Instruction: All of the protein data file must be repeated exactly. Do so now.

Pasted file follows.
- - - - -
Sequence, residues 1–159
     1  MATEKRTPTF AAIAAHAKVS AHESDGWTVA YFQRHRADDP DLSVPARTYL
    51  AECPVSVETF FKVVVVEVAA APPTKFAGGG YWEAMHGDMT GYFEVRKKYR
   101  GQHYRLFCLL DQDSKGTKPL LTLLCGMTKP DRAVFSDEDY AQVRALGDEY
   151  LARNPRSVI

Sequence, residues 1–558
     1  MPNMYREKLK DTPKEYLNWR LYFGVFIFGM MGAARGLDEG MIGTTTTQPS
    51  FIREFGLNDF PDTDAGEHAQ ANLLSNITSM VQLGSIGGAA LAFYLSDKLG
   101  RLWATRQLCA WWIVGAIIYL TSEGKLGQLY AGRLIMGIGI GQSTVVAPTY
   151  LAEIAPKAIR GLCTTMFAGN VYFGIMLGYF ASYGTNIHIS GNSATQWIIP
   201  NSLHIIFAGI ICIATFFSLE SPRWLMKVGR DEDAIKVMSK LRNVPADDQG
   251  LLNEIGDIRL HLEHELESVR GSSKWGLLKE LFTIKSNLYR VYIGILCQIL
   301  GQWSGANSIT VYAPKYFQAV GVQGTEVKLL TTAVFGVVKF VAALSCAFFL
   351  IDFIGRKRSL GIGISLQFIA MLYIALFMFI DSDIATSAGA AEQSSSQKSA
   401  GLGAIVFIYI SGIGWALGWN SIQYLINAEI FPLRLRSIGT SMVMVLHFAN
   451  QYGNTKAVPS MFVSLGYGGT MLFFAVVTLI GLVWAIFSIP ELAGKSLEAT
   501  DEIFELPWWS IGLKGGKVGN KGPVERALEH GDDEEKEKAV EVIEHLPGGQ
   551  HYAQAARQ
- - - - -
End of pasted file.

Sequence, residues 1–159
     1  MATEKRTPTF AAIAAHAKVS AHESDGWTVA YFQRHRADDP DLSVPARTYL
    51  AECPVSVETF FKVVVVEVAA APPTKFAGGG YWEAMHGDMT GYFEVRKKYR
   101  GQHYRLFCLL DQDSKGTKPL LTLLCGMTKP DRAVFSDEDY AQVRALGDEY
   151  LARNPRSVI

Sequence, residues 1–558
     1  MPNMYREKLK DTPKEYLNWR LYFGVFIFGM MGAARGLDEG MIGTTTTQPS
    51  FIREFGLNDF PDTDAGEHAQ ANLLSNITSM VQLGSIGGAA LAFYLSDKLG
   101  RLWATRQLCA WWIVGAIIYL TSEGKLGQLY AGRLIMGIGI GQSTVVAPTY
   151  LAEIAPKAIR GLCTTMFAGN VYFGIMLGYF ASYGTNIHIS GNSATQWIIP
   201  NSLHIIFAGI ICIATFFSLE SPRWLMKVGR DEDAIKVMSK LRNVPADDQG
   251  LLNEIGDIRL HLEHELESVR GSSKWGLLKE LFTIKSNLYR VYIGILCQIL
   301  GQWSGANSIT VYAPKYFQAV GVQGTEVKLL TTAVFGVVKF VAALSCAFFL
   351  IDFIGRKRSL GIGISLQFIA MLYIALFMFI DSDIATSAGA AEQSSSQKSA
   401  GLGAIVFIYI SGIGWALGWN SIQYLINAEI FPLRLRSIGT SMVMVLHFAN
   451  QYGNTKAVPS MFVSLGYGGT MLFFAVVTLI GLVWAIFSIP ELAGKSLEAT
   501  DEIFELPWWS IGLKGGKVGN KGPVERALEH GDDEEKEKAV EVIEHLPGGQ
   551  HYAQAARQ